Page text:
Dracula's Castle Hits the Market in Romania

The Transylvanian castle that inspired Bram Stoker's classic 1897 novel “Dracula” is officially on the market. Earlier this summer, heirs of the Habsburg family retained New York City-based property investment firm Baytree Capital to market their ancestral home to “the right purchaser under the right circumstances,” according to Baytree chairman and CEO Michael Gardner.

How much can a buyer expect to pay for Dracula's 13th century castle? Upwards of $135 million, according to Gardner. The castle, steeped in critical events from European history dating back more than 600 years, was converted into a museum in the 1950s. It is a top Romanian tourist attraction, drawing 450,000 visitors a year.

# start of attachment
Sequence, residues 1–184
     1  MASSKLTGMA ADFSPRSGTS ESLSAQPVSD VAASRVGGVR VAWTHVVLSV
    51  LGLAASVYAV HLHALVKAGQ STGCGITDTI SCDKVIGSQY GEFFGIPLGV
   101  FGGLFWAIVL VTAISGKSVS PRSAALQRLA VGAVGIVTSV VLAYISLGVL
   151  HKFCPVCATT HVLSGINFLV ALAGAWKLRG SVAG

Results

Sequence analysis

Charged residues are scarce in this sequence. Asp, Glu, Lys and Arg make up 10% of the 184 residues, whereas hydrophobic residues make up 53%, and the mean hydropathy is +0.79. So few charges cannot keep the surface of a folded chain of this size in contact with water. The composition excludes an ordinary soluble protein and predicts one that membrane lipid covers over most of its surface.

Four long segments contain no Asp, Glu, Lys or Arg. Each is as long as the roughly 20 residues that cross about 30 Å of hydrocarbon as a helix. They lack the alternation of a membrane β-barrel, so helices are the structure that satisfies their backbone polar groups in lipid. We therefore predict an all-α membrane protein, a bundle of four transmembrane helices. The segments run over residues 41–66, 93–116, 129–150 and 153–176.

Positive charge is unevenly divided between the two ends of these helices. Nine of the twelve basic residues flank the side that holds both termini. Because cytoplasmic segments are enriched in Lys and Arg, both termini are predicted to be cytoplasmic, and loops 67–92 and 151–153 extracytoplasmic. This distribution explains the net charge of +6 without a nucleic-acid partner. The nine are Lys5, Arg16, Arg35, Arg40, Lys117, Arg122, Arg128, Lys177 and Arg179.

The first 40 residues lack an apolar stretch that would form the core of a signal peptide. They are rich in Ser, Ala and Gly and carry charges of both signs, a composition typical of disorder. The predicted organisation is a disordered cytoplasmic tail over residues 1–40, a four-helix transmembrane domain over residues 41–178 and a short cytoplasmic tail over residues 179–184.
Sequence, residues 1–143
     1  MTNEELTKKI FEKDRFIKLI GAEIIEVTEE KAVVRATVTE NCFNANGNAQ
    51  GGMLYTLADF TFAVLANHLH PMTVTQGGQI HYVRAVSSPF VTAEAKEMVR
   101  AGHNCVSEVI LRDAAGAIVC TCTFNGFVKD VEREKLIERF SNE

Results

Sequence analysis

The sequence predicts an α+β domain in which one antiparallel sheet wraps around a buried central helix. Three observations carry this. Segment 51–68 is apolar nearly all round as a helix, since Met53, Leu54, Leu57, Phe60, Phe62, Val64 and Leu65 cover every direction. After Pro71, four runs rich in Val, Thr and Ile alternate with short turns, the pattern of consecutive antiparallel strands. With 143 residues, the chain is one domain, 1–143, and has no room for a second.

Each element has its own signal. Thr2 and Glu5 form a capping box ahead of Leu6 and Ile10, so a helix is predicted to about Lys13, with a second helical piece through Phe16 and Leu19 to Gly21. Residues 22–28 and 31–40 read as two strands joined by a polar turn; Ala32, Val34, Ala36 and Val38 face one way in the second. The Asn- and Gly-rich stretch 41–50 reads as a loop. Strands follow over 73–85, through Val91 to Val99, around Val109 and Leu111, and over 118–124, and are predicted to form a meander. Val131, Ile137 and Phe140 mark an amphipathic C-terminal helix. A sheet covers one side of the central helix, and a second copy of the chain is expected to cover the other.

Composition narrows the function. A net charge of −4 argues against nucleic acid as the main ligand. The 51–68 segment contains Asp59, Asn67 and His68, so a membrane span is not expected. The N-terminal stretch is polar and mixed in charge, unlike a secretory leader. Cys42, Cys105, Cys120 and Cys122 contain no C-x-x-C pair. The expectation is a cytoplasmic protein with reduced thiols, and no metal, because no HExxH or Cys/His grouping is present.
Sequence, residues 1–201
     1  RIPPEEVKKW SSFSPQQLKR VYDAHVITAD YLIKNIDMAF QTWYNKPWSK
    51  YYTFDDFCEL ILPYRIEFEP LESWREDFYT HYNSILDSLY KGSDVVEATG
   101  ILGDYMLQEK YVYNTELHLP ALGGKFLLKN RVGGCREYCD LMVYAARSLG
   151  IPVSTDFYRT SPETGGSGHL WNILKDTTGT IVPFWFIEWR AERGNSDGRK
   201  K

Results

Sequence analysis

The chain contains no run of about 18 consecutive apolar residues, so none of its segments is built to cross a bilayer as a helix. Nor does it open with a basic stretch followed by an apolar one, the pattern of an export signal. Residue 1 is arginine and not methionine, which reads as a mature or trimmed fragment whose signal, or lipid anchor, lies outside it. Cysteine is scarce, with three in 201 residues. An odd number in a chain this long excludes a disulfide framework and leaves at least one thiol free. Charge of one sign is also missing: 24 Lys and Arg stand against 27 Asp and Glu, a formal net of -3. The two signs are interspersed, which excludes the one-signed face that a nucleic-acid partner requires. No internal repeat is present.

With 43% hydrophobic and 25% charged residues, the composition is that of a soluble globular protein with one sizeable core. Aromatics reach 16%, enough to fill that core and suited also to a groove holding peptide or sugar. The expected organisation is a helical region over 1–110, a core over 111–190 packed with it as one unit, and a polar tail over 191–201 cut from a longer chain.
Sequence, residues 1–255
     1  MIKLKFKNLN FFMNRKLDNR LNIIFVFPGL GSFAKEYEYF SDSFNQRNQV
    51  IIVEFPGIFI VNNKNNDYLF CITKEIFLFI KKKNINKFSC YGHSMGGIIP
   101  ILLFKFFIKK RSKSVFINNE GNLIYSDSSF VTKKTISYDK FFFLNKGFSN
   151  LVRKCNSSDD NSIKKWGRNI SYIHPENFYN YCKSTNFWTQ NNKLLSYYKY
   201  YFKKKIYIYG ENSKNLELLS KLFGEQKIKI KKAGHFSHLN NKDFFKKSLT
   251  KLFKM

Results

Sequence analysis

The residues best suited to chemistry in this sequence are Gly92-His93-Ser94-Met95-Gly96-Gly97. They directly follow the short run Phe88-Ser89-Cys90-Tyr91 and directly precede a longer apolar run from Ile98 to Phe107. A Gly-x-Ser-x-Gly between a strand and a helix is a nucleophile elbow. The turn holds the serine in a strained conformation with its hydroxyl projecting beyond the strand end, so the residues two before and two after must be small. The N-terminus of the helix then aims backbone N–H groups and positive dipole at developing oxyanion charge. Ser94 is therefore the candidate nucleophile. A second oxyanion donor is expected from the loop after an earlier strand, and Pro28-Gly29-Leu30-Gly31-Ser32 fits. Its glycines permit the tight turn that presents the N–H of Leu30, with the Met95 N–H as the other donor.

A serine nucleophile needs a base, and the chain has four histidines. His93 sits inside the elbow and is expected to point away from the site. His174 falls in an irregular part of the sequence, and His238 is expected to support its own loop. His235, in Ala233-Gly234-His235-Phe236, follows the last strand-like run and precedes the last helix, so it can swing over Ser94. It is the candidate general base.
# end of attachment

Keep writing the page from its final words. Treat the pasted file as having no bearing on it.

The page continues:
“With the expected boom in tourism generated by the mythological draw of Transylvania, the Habsburg family believes that a strategic plan for the development of Bran Castle is needed,” says Gardner. He adds that such a plan should enhance and preserve the historic property long-term.

The Romanian government currently pays the Habsburg family to run the museum, but the government contract expires in 2009. The government also has the right to match the best offer on the castle, according to Baytree Capital. Since Romania formally joined the European Union (EU) in 2006, Gardner believes that investor demand for the castle could be much stronger.

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